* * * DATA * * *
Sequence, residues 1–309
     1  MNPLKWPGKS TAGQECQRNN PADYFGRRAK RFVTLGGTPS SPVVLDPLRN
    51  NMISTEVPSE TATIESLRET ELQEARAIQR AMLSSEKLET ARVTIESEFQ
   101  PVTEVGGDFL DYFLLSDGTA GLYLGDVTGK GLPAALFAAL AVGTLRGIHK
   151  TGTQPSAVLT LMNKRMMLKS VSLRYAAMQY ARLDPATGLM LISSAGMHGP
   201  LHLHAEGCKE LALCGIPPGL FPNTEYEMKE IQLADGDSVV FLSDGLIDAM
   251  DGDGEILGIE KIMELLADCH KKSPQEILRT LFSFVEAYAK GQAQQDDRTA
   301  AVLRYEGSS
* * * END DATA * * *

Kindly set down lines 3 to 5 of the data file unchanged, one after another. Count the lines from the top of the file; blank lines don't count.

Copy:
    51  NMISTEVPSE TATIESLRET ELQEARAIQR AMLSSEKLET ARVTIESEFQ
   101  PVTEVGGDFL DYFLLSDGTA GLYLGDVTGK GLPAALFAAL AVGTLRGIHK
   151  TGTQPSAVLT LMNKRMMLKS VSLRYAAMQY ARLDPATGLM LISSAGMHGP